Dollar printing comes with responsibilities

With the euro, the renminbi and the yen's exchange rates against the US dollar plummeting, large amounts of US dollars have been flowing back to the United States over the past week after the Federal Reserve announced a 50-basis-point interest rate hike, and the tightening of the balance sheet next month.

The world is once again paying protection fees for the US' dollar hegemony. This round of tightening of its monetary policy was as radical, if not selfish, as its initial easing practice since the previous Donald Trump administration. So are its global impacts.

Although the US policymakers were repeatedly warned that limitless easing would stoke inflation, they still gambled on it for a quick recovery of the economy.

Likewise, although they are well aware that slamming on the brakes by raising the interest rate and tightening balance sheet sharply at the same time will not ease the inflation in the US, which is caused by multiple factors, they are still pressing the brakes regardless.

This will result in stagnation for the US economy, with both supply and demand constrained, and further challenges for the international financial sector, global supply chains and the world trade system.

The US only thinks about its own short-term interests when it comes to resolving economic issues, which in most cases is determined by the needs of its domestic politics.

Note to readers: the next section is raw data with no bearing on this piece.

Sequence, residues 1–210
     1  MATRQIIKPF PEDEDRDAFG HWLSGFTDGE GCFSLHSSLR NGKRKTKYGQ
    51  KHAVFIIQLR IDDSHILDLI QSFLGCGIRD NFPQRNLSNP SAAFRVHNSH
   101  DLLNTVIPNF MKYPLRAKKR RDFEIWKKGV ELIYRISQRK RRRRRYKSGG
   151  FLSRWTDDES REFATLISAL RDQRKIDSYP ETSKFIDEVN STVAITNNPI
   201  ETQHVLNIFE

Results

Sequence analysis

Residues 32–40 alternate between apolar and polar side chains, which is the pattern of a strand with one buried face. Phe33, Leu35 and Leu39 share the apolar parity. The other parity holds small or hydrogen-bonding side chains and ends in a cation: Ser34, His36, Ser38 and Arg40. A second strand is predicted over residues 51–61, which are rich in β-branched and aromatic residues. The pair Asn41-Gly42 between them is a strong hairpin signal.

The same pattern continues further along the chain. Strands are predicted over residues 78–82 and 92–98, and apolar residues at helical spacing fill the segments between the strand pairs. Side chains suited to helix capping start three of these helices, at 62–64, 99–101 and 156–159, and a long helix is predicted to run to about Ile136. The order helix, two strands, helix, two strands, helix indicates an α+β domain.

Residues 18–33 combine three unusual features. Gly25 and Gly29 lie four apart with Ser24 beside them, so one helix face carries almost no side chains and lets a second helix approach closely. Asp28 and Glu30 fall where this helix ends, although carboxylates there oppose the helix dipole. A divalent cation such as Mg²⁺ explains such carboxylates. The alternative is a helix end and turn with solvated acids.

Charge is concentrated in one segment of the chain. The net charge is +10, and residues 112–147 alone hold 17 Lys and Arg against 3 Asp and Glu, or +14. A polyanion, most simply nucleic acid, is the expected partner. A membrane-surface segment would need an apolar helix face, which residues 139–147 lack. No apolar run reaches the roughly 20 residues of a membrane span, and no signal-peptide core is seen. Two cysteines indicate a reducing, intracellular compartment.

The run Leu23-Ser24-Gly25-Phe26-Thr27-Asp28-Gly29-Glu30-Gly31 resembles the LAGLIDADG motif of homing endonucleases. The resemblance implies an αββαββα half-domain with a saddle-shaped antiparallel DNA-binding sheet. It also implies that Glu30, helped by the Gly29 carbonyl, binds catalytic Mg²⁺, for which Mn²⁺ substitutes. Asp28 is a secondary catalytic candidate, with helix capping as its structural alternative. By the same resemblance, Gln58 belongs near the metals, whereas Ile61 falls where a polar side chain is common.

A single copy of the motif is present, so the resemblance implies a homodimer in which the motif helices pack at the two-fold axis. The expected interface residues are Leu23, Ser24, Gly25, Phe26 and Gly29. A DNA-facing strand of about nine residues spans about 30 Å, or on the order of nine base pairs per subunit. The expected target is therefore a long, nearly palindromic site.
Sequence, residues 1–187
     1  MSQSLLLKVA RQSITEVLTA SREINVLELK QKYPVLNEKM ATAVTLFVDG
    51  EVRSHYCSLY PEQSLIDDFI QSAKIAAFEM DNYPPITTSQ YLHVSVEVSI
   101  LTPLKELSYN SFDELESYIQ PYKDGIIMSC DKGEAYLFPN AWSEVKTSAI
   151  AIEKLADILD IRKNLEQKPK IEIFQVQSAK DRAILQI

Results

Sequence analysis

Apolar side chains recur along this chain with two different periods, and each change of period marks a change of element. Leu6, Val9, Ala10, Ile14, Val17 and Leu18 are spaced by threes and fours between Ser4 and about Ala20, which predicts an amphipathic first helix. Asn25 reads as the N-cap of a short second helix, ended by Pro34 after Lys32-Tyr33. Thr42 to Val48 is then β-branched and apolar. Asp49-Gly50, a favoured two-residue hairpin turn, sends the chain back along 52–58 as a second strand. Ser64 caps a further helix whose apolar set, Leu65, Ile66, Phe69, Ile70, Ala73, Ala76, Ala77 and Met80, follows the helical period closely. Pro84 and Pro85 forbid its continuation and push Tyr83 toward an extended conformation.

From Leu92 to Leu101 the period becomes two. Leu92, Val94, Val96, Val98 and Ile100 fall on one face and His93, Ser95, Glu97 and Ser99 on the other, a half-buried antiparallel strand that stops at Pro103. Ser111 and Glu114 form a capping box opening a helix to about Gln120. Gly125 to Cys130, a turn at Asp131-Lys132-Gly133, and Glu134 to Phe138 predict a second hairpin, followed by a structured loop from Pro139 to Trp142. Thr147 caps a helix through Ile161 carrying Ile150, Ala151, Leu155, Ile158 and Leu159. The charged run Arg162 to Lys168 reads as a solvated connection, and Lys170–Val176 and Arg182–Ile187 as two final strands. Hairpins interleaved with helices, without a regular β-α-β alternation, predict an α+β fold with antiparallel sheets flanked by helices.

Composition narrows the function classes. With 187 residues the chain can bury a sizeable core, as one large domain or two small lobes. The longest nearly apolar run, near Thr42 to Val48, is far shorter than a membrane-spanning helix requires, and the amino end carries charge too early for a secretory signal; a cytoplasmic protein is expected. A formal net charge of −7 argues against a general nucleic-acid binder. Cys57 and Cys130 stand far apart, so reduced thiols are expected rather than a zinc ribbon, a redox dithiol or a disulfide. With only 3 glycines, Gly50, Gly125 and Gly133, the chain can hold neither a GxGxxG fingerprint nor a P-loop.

After the establishment of the dollar's hegemony, the US has already played the "old trick" of harvesting global wealth too many times. When it implemented the quantitative easing monetary policy, it prompted many emerging markets to borrow a lot of US debt, and the US economy prospered, while cultivating asset bubbles to varying degrees. Now the Fed is raising interest rates, capital is flowing out of the emerging markets, triggering exchange rate volatility, and even currency and financial crises.

It is the things that the Joe Biden administration chooses not to do, such as easing its constantly heightened sanctions on Russia, reducing its arms support to Ukraine, which is prolonging that country's conflict with Russia, dropping its long-term sanctions on other oil producing states, and ending the unfair tariffs imposed on Chinese goods and irrational restraints upon its high-tech products and talents, which would effectively help ease the US inflation pressure as those would address some of the root causes.